I’ve always tried to involve my students in the decision making process at the start of the year, but the way I have approached this has evolved. When I was a new teacher it was about creating rules and defining consequences. Now I focus more on what we should do to have a safe, comfortable and creative classroom, rather than all the “don’ts”. To help my students explain specific behaviors instead of speaking generally I often ask them, “What does that look like?”,and that’s what I said today when students said class should be fun. Their response? Projects and hands-on learning. Even though they struggled to explain specifically what was fun about these two things (many had never been asked before to think this way), what soon became clear was that my students were really saying they want to be actively engaged in the learning. So how can I use technology to address this desire and provide my students with some “cool” projects.
Fortunately, as I was thinking (okay surfing Pinterest) I came across this blog post discussing the use of the Mad Lips App in the classroom. It was exactly what I was searching for, creative, hands-on, and interactive.
My Take: One of the concepts I want my students to understand is the integral role research plays in the writing process. I want to show them that research isn’t always about producing reports and essays, people who write fiction do extensive research to create authentic pieces of writing. Inspired by the blog, I am going to have my students research a famous person from Medieval times, and use what they find to write a short monologue from the point of view of the person researched explaining a critical moment in the person’s life. They will then record it using Mad Lips.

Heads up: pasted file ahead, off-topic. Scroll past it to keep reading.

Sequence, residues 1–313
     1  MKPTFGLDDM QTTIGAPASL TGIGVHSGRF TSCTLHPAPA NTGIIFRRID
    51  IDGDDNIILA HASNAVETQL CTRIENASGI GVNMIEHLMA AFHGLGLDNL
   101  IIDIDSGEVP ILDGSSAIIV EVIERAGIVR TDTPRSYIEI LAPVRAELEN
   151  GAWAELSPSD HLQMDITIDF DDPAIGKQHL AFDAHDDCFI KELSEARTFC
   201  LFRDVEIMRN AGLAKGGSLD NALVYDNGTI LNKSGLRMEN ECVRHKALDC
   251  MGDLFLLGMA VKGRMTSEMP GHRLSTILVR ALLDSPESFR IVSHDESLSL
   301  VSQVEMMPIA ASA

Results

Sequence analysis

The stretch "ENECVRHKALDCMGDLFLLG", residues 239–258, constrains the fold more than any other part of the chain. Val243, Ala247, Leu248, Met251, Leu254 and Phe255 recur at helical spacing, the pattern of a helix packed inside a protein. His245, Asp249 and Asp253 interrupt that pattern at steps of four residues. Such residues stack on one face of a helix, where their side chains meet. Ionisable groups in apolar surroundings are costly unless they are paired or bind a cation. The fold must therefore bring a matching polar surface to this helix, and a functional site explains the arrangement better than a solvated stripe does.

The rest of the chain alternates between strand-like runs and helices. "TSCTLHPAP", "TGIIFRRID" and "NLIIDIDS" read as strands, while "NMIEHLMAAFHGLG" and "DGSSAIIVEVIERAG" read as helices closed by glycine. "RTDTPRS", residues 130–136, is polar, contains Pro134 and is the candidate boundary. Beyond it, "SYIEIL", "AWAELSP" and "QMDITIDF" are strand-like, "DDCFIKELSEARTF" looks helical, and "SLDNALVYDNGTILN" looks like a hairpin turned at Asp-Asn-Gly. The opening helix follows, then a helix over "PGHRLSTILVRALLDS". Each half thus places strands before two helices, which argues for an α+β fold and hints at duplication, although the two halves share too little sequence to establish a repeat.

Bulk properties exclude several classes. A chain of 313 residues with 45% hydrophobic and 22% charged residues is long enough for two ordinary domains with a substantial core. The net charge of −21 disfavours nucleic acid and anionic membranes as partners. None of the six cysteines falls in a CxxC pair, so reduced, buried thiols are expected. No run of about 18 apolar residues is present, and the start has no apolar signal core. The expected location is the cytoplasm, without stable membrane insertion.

Why use an App? Using research to produce a product will help students understand how a writer synthesizes information and uses imagination to breathe life into facts. Certainly, my students could simply write the monologue, but recording it teaches them about voice, and the decisions a writer makes about how to present a character. Recording the monologue can also help students practice editing and the time limit given to record teaches precision and word choice. Writing and recording the monologue in character also provides me with the opportunity to show students how to use research to create something new, rather than simply copy what has already been done. Using this App also forces students to think creatively, to consider how this person would speak, what tone they would use, and how they might want others to perceive them. Oh yeah, and it’s fun, which I realize should not be the only purpose for integrating tech, but it should be one of them, especially since that’s what my students requested.